Adu I definitely should've thought of.

Another from way back who comes to mind -- Kyle Rote Jr. I think he was sort of the "face" of the NASL, other than Pele. Which is probably part of why the NASL isn't still around.
   109. A big pile of nonsense (gef the talking mongoose) Posted: August 31, 2011 at 08:41 PM (#3913719)
Rule changes in soccer:
1866: Forward pass introduced
1891: Penalties
1925: Offside rule cut from three to two players
1958: Substitutes allowed
1992: No handling of backpasses


Good god. That's not a sport, it's a museum.
   110. Bring Me the Head of Alfredo Griffin (Vlad) Posted: August 31, 2011 at 08:46 PM (#3913725)
Out of curiosity, which countries aren't silly-assed?


I read one time that on average, Apaches have the smallest asses of any ethnic group in the entire world. Not sure whether or not it's actually true, so caveat emptor.

In any event, something can't be silly if you don't have it at all, right?
   111. Perry Posted: August 31, 2011 at 08:47 PM (#3913728)
Good god. That's not a sport, it's a museum.


Alternative view: It's perfect just the way it is. Which I kind of agree with, actually. Or close enough that I can sympathize with the status quo types. I do wish they could figure out a way to create more parity in the top European leagues.
   112. Flynn Posted: August 31, 2011 at 08:51 PM (#3913732)
There are plenty of countries interested in other sports than soccer and even some where other sports are more popular. It's not like the British or French or German or Argentine sports scene is entirely soccer. What makes soccer SOCCER is that it's pretty much the #1 or #2 sport in every country in the world except for the US, Canada and Puerto Rico (maybe the DR too?).

Edit: and Australia and New Zealand.
   113. A big pile of nonsense (gef the talking mongoose) Posted: August 31, 2011 at 08:57 PM (#3913741)
Alternative view: It's perfect just the way it is. Which I kind of agree with, actually. Or close enough that I can sympathize with the status quo types.


And I can see where you're coming from. I'm that way to a pretty considerable extent with baseball.

The fact that the NFL & NBA (&, I gather, NHL, though that one's even farther off my radar than thos two) keep changing somewhat substantial rules only reaffirms my extremely biased view of them as fundamentally horrible leagues.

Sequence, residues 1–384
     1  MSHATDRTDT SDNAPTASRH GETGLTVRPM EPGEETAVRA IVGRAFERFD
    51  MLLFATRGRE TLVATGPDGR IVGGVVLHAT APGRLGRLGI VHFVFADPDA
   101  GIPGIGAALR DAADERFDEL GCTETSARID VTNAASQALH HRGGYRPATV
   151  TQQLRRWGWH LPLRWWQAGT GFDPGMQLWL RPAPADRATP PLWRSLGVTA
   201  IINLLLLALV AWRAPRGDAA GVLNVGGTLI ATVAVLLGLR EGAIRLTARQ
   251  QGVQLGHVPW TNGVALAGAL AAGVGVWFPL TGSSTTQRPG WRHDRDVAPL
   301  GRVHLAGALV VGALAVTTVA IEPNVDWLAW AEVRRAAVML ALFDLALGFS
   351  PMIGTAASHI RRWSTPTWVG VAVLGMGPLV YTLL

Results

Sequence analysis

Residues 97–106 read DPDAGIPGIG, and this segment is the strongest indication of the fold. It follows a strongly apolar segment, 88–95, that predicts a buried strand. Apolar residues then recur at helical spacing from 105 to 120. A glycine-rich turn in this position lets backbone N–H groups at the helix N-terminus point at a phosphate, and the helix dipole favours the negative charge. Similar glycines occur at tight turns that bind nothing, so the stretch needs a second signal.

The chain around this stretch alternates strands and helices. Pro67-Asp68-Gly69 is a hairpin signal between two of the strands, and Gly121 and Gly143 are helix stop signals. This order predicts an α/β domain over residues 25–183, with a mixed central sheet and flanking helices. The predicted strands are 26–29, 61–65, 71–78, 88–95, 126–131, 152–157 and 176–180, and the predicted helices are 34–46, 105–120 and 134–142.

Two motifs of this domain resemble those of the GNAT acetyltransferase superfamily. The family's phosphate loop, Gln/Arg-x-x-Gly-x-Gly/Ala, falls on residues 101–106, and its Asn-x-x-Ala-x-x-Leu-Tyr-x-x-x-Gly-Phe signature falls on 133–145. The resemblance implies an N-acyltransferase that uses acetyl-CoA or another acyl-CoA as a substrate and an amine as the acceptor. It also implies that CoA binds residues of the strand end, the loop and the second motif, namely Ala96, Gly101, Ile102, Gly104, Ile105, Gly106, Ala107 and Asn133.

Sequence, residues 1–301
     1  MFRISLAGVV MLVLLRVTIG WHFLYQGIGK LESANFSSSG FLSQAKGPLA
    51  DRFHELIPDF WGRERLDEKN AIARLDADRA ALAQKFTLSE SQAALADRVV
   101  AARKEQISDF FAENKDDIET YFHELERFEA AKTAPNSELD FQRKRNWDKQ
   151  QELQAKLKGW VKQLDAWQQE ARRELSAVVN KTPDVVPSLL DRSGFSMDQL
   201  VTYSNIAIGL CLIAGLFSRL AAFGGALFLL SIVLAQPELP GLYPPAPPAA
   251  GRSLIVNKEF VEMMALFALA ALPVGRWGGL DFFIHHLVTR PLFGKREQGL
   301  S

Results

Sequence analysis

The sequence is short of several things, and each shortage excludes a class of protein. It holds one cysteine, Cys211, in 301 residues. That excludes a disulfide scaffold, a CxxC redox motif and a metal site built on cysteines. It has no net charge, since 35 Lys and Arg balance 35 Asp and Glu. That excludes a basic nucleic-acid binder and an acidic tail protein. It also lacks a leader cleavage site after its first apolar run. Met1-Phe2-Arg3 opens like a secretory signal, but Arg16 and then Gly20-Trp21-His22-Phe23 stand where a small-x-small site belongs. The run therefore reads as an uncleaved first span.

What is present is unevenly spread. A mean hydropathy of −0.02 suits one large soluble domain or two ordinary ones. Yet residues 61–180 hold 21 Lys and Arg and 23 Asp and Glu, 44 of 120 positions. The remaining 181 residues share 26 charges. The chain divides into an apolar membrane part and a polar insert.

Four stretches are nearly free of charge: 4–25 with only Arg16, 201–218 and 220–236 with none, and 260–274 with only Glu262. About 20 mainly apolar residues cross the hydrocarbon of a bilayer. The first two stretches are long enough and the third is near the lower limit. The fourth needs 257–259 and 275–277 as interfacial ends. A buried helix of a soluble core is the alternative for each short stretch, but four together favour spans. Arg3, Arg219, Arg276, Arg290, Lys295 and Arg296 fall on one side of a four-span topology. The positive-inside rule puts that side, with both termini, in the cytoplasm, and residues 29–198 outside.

114. You Know Nothing JT Snow (YR) Posted: August 31, 2011 at 08:58 PM (#3913742)
And I can see where you're coming from. I'm that way to a pretty considerable extent with baseball.


Baseball rules were fine 50 years ago.
   115. eclarkso Posted: August 31, 2011 at 09:03 PM (#3913746)
There are plenty of countries interested in other sports than soccer and even some where other sports are more popular. It's not like the British or French or German or Argentine sports scene is entirely soccer. What makes soccer SOCCER is that it's pretty much the #1 or #2 sport in every country in the world except for the US, Canada and Puerto Rico (maybe the DR too?).

Edit: and Australia and New Zealand.

Another edit: and India, Pakistan and Bangladesh.

I'm a big soccer fan, but this statement, taken granted most of the time, has always seems odd. Given that soccer/football is NOT the most popular the top three most populous countries in the world and 5 of the top 8!

Not that soccer isn't the best candidate for world's most popular, but the image of the US being the lone crazy holdout demands we ignore almost 2 billion people in south asia...
   116. The Id of SugarBear Blanks Posted: August 31, 2011 at 09:06 PM (#3913748)
What makes soccer SOCCER is that it's pretty much the #1 or #2 sport in every country in the world except for the US, Canada and Puerto Rico (maybe the DR too?).

It's number 2 in a lot more places than the soccer poets let on -- China and India, for starters. The idea that soccer has most of the sporting world in a unique trance -- as the poets seem to be saying -- is an exaggeration.

We should also remember that cricket is basically baseball (**), and it's really popular in the old British Empire. Rugby is basically American football (***), and it's really popular in Ireland, Australia, NZ, South Africa, etc.

(**) Or baseball's basically cricket; same difference.

(***) Or American football's basically rugby; same difference.
   117. Swedish Chef Posted: August 31, 2011 at 09:06 PM (#3913749)
Not that soccer isn't the best candidate for world's most popular, but the image of the US being the lone crazy holdout demands we ignore almost 2 billion people in south asia...